Tagged: phd

Biomimicry & Algorithms

What is programming and what are algorithms? Can we foster an interest in them for anyone who finds programming to be a black box? Can biomimicry help? These are the questions I’m playing around with these days. Can reference to nature take courses in logical thinking beyond typical lessons in sequences, If/Else statements and loops? . I watched The Secret Rules Of Modern Living: Algorithms(trailer) and The Code (trailer) on Netflix over the weekend, still have to finish the code, and I kept thinking ‘wow this is brilliant! I can do this!’ I also got to know about an online course on Teaching Physical Computing with Raspberry Pi through my sponsor TIES and going through it has been very interesting (Raspberry Pi is a mini, cheap computer, not a literal raspberry pie :D, inside joke!),. It led me to Scratch which helps young people learn programming.

Next, I have been thinking; Do I want to teach programming or algorithm development. The answer seems to be easy, because a way to keep someone engaged is to have results and programming is what gives algorithms an outcome. Yet, algorithms can be developed without any computer, while programs need to be written on a computer of some sort in a language (considering analog here as well). Also, it seems to me creating a lesson is different than what I want to do, which is produce a software/piece of a machine. For example, a biomimicry lesson could be similar to an exercise on learning about birds and nesting to come up with the algorithm they use. Instead of an abstract lesson, I want to deliver something students can touch and use hopefully without much outside help. That is not to say, my deliverable cannot involve students going out and experiencing nature while working on/with my product. However, my product needs to be a software and/or a hardware that is attractive, engaging by using nature’s life lessons to teach programming/algorithms to the user.

I can see how nature is brilliant for my task; it has millions of algorithms to teach and we have been learning them for quite a while in the computer science world. My goal is to bring those lessons  to the general public. At the end of The Secret Rules Of Modern Living: Algorithms movie, narrator Marcus du Sautoy mentions how our world wouldn’t function without the power of algorithms and I think that’s absolutely true! As we rely on them greatly, how can we increase everyone’s interest in them?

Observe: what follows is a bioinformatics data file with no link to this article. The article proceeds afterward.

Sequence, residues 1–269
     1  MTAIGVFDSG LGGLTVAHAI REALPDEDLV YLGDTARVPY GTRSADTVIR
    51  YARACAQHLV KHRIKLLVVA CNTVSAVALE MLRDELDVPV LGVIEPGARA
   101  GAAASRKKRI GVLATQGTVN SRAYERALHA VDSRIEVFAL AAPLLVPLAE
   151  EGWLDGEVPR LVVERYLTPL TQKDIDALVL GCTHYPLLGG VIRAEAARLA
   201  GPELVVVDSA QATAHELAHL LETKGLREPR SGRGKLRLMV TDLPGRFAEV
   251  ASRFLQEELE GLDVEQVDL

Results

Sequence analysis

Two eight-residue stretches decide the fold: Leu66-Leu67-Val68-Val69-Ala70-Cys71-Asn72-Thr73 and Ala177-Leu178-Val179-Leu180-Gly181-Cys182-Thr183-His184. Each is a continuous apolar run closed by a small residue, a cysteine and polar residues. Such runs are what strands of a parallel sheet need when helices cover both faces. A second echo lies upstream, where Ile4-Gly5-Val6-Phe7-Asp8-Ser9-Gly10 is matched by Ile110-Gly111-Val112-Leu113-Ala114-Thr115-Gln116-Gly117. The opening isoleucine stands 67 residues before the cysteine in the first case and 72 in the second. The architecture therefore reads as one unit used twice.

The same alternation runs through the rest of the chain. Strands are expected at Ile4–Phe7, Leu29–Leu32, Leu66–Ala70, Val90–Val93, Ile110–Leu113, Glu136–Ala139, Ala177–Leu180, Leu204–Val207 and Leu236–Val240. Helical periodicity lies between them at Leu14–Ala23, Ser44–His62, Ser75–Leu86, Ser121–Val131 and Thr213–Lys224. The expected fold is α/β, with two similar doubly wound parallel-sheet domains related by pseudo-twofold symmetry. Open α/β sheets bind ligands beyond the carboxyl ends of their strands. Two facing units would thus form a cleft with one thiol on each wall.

Reflections about my time in Akron

It’s been three weeks since I moved back to my familiar habitat in Ghent, Belgium, to finish my PhD remotely. From all places, my primary advisor’s lab relocated to The University of Ghent earlier this year.

I had spent the first 22 years of my life in the same city, in the same house, when I decided to pursue a PhD in Biomimicry. Since UAkron is the only university that offers a PhD degree in Biomimicry my decision to relocate there was easy. Two months later I jumped into a new chapter of my life, which has been an eye-opening adventure. Getting out of your comfort zone takes courage. Almost everything around you is new and different. In the 3.5 years I lived in Akron, I was exposed to so many new people, places, ideas, traditions, landscapes, recipes… Every day you can learn something new. Feeling like a total stranger at the start, it took curiosity and adaptation to make myself part of a new habitat. Continue reading